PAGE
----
The Java VM will automatically take care of collecting your unwanted
StateListDrawables. All you have to do is make sure there is no way the
StateListDrawable itself can be referenced from your program, either by reassigning the references to another
Object, or by setting the references to
null. It does not even matter if the
StateListDrawable still holds references to other objects you DO want to keep (such as the callbacks you discussed)...once an
Object cannot be referenced, it is eligible for garbage collection. When the VM deems it a good time to free up memory, it will take care of deleting the
StateListDrawables for you, you do not need to worry about calling
recycle() on any of your objects yourself.
A simple way to see this if you are editing using Eclipse is to view the LogCat messages while your program is running in the emulator. There will occasionally be messages saying: "GC freed xxx objects / xxx bytes in xxx ms."
From the Java tutorials:
"Some object-oriented languages require that you keep track of all the
objects you create and that you explicitly destroy them when they are
no longer needed. The Java platform allows you to create as many
objects as you want (limited, of course, by what your system can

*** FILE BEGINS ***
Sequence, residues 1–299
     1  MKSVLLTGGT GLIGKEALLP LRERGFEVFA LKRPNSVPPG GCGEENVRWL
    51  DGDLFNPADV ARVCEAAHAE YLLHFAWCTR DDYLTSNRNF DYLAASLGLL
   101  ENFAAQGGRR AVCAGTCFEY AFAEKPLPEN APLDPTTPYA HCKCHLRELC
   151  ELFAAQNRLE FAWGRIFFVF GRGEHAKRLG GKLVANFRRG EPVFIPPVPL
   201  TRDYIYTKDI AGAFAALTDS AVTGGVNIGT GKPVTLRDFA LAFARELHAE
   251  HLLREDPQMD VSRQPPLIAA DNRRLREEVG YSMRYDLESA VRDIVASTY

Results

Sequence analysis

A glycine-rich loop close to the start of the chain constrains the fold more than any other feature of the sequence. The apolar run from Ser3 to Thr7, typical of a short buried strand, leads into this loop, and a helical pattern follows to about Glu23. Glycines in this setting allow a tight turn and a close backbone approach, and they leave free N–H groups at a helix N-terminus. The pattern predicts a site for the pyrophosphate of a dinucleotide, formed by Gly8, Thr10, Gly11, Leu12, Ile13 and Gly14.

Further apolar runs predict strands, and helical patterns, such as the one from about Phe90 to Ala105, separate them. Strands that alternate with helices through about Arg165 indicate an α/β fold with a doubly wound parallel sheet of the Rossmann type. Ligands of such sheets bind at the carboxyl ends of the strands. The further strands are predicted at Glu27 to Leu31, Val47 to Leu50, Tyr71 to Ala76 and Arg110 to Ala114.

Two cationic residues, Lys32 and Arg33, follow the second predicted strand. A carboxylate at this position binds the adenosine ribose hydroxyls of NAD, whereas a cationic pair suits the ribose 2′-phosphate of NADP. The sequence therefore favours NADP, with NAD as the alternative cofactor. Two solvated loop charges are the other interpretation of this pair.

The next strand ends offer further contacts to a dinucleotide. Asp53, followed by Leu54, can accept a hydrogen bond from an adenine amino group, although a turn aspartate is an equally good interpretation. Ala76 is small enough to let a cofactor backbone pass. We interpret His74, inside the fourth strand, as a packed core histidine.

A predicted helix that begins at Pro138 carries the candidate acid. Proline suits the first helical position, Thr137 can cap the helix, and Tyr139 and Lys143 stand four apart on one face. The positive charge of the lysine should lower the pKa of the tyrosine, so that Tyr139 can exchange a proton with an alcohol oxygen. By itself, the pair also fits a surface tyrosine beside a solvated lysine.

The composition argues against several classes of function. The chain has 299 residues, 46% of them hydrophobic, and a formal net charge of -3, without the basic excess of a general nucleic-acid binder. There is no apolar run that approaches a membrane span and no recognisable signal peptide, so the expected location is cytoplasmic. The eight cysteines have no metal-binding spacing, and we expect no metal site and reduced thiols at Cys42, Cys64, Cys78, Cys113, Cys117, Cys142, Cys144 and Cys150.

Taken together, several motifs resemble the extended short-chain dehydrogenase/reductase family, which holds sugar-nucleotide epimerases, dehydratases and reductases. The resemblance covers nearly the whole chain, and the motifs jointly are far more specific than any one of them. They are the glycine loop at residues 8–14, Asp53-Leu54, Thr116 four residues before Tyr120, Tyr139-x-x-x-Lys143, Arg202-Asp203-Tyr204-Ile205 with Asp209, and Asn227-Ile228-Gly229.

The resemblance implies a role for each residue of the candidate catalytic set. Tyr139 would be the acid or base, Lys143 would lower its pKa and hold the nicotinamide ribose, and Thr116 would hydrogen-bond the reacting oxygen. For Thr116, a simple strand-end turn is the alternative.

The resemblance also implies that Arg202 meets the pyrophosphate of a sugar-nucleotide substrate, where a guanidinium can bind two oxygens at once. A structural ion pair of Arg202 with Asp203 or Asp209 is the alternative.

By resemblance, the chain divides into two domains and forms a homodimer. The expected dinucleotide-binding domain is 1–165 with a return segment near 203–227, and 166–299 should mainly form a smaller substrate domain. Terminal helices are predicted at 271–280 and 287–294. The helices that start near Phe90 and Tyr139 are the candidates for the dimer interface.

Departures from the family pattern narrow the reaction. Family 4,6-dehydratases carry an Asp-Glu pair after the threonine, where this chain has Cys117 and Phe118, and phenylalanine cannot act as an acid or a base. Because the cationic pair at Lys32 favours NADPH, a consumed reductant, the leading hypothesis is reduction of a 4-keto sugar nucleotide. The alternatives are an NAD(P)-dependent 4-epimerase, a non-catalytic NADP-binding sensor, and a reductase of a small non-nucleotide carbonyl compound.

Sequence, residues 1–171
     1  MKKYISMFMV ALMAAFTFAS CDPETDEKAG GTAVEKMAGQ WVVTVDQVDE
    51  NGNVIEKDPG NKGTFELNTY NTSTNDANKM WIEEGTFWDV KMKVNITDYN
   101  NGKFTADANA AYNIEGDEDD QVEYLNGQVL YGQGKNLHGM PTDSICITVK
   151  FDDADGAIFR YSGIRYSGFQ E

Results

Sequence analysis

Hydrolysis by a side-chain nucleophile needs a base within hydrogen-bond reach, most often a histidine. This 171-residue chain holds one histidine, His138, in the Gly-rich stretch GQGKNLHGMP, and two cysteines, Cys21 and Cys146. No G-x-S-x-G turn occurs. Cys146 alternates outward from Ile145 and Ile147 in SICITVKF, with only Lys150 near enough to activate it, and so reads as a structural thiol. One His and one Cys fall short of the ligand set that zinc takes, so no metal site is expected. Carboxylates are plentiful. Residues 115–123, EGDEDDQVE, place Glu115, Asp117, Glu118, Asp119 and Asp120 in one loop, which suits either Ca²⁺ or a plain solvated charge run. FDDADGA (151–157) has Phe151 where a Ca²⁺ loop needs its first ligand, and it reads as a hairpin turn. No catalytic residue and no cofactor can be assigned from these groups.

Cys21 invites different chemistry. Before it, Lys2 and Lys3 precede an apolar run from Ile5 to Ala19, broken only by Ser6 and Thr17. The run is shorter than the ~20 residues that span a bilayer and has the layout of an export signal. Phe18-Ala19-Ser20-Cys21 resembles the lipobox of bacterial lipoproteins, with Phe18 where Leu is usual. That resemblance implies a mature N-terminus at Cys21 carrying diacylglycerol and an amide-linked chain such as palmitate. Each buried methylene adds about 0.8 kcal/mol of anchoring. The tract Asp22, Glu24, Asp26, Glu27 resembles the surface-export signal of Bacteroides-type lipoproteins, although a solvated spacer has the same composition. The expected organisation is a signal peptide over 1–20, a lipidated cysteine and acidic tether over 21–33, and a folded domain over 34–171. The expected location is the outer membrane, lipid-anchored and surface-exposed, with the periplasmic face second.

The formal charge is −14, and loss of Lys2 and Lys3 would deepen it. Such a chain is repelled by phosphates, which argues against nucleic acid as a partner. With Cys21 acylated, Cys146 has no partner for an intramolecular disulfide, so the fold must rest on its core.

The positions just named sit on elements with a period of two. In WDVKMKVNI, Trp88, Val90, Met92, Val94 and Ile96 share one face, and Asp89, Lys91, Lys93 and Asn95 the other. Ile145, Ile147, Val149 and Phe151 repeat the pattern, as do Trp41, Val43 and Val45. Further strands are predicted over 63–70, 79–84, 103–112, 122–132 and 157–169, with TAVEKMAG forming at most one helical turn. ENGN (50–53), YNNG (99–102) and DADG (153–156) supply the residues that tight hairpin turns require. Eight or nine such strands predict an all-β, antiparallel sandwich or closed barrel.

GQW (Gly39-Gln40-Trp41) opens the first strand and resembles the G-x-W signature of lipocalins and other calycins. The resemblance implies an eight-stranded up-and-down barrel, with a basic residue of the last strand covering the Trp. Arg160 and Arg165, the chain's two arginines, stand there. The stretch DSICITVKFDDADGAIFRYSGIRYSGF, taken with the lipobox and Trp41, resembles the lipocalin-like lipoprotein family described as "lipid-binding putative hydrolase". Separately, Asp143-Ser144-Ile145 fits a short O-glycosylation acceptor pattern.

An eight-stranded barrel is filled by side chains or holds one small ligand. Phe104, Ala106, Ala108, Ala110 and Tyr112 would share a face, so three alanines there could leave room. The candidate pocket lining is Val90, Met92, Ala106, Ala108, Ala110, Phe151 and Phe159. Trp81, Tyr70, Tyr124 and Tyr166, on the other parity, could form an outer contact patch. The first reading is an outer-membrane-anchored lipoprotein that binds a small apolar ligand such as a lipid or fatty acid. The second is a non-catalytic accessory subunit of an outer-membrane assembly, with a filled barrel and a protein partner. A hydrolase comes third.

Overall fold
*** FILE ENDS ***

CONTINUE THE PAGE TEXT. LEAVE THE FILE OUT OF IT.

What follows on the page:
handle), and you don't have to worry about destroying them. The Java
runtime environment deletes objects when it determines that they are
no longer being used. This process is called garbage collection.
An object is eligible for garbage collection when there are no more
references to that object. References that are held in a variable are
usually dropped when the variable goes out of scope. Or, you can
explicitly drop an object reference by setting the variable to the
special value null. Remember that a program can have multiple
references to the same object; all references to an object must be
dropped before the object is eligible for garbage collection."
Edit: From the documentation for 'Bitmap.recycle()`,
"Free the native object associated with this bitmap, and clear the
reference to the pixel data...This is an advanced call, and normally
need not be called, since the normal GC process will free up this
memory when there are no more references to this bitmap."